Becoming organized is best achieved by taking small, baby-steps, one day at a time. Breaking large goals into small individual steps will help you to reach your goals faster, rather than adopting a do-it-all-at-once approach. Consider some of these ideas to assist:

Do... 

Don't... 

Set specific, measurable goals.

E.g., I’ll clean out one drawer.

Set vague, hard to measure goals.

E.g., I’ll clean the kitchen

Establish a small time to work, daily.

E.g., 10 minutes, twice a day

Try to do too much at once.

E.g., I’ll work every morning, this week.

Eliminate distractions.

E.g., Turn the ringer off, keep TV or radio volume low, if on, and focus only on the task before you.

Multi-task.

E.g., Watch a movie, cook a meal, take a call, all as you are sorting, etc.

Be flexible.

E.g., If you planned to clean out one room but you are finding it too overwhelming, set a smaller task. I’ll start with this pile first.

Be rigid.

E.g., I must clean this room otherwise I’m a failure.

Determine the outcome.

E.g., Each possession needs to have a dedicated outcome. Typical options are: Garbage; Recycle; Donate; Sell; and, Keep.

Postpone the outcome.

E.g., I’ll decide what I want to do with the “go” pile later. I’ll make two piles for now- Go and Keep.

Categorize.

E.g., Every item gets placed into a category, which in turn belongs in a specific location. These might include: Papers (desk draw), clothing (bedroom closet), souvenirs (living room shelf), toiletries (bathroom), etc.

Generalize.

E.g., Items are placed in generalized groupings that make minimal sense. E.g. Keeping items from a vacation, in a pile in the hallway.

Be systematic.

E.g., Use the OHIO principle. Only Handle It Once. As soon as you lay hands on the item, determine it’s outcome and place it in a category and location. 

Be chaotic.

E.g., Handle items multiple times until you “feel” ready to determine it’s outcome and category.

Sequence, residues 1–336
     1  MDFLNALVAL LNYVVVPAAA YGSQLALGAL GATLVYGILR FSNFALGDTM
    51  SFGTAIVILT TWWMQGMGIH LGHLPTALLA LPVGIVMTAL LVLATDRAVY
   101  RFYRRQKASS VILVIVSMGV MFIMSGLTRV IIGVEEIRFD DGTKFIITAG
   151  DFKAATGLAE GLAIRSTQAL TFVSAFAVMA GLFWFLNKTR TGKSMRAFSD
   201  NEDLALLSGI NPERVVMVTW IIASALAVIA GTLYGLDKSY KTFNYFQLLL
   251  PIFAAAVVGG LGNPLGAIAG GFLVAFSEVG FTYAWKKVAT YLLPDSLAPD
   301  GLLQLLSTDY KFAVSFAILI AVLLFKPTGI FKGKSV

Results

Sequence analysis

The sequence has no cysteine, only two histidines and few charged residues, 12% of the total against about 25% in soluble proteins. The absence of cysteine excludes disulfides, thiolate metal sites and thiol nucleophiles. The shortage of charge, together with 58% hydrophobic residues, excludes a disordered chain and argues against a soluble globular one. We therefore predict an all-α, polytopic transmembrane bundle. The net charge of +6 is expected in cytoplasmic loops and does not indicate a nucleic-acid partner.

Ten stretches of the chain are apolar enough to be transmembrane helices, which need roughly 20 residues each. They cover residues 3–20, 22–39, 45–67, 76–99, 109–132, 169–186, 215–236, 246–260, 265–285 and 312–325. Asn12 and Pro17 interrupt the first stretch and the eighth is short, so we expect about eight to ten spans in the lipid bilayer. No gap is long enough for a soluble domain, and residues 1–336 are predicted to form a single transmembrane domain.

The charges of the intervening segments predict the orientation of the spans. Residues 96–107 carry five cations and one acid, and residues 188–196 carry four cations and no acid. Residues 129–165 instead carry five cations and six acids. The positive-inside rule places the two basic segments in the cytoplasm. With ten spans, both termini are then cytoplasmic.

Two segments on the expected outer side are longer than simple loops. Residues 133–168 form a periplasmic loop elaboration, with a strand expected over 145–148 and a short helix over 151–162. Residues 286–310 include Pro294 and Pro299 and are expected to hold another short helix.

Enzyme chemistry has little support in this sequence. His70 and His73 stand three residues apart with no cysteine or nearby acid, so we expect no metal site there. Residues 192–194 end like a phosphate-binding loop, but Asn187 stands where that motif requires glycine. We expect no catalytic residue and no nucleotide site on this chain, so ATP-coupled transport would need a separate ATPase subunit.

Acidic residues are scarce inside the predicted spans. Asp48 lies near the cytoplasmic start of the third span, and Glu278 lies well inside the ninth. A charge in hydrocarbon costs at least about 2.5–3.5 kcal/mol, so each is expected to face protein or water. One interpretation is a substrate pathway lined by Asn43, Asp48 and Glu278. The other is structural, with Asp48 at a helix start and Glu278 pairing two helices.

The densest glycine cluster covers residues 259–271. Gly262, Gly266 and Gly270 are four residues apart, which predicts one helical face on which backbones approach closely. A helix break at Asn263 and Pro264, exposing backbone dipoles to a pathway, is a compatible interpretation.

One specific area of organization involves learning how to manage paper products in the home. Many people are unaware of how long to keep paper receipts, contracts, documents, etc. Fortunately, there are well-established guidelines that can assist (However, these guidelines may differ from country to country).

Keep for a month

  • Credit-card receipts
  • Sales receipts for minor purchases
  • Bank deposit slips

Keep for a year

  • Paycheck stubs/direct deposit slips
  • Monthly statements from bank, credit card, brokerage, retirement, etc.

Keep for seven years

  • Government materials for tax returns
  • Year end credit card and banking statement summaries

 Keep for indefinitely

  • Tax returns
  • Receipts for major purchases of importance
  • Real estate and residence records
  • Wills and trusts 

Keep in a Safe-Deposit box

  • Birth and death certificates
  • Marriage Licenses
  • Insurance policies
  • Automobile titles
  • Property deeds
  • Passports

NOTE: It can be a huge help to opt for online record delivery rather than paper mailings. This includes monthly bank statements, business billing statements, etc. This prevents having to deal with extra papers coming into the home. Many stores are also starting to shift to offering email receipts. This is advised.